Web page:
G is the seventh letter of the English alphabet, and a vocal consonant. It has two sounds; one simple, as in gave, go, gull; the other compound (like that of j), as in gem, gin, dingy. See Guide to Pronunciation, §§ 231-6, 155, 176, 178, 179, 196, 211, 246.
The form of G is from the Latin, in the alphabet which it first appeared as a modified form of C. The name is also from the Latin, and probably comes to us through the French. Etymologically it is most closely related to a c hard, k y, and w; as in corn, grain, kernel; kin L. genus, Gr. ; E. garden, yard; drag, draw; also to ch and h; as in get, prehensile; guest, host (an army); gall, choler; gust, choose. See C.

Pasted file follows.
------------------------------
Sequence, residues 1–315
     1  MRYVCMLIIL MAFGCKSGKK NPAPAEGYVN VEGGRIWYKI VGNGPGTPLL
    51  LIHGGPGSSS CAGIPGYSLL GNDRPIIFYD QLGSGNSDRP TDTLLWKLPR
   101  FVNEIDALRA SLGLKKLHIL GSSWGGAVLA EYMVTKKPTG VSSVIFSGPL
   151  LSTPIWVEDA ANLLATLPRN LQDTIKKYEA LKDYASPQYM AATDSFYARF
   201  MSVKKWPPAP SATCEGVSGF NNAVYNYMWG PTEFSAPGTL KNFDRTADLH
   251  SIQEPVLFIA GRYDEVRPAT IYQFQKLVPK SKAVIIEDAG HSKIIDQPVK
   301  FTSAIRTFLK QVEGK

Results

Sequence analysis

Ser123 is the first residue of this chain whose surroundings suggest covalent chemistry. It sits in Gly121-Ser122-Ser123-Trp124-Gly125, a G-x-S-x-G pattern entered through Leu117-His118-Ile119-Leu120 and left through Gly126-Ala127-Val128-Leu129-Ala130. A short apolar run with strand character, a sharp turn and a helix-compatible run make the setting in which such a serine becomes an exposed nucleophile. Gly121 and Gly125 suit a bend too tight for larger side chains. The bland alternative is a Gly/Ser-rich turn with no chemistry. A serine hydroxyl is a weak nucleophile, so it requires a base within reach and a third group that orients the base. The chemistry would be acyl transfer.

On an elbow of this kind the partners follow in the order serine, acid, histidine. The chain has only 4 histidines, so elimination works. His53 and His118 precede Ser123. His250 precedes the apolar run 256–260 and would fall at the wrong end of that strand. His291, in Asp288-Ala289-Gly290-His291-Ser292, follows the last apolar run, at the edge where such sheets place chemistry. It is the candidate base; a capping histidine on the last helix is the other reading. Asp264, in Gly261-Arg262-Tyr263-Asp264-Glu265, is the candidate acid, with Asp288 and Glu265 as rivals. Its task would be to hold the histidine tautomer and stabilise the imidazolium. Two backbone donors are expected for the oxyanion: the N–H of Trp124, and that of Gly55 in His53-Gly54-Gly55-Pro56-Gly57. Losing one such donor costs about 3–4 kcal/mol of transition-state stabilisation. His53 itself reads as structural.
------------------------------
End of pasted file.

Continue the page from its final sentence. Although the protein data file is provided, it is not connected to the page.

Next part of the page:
G is the name of the fifth tone of the natural or model scale; -- called also sol by the Italians and French. It was also originally used as the treble clef, and has gradually changed into the character represented in the margin. See Clef. G# (G sharp) is a tone intermediate between G and A.
© Webster 1913.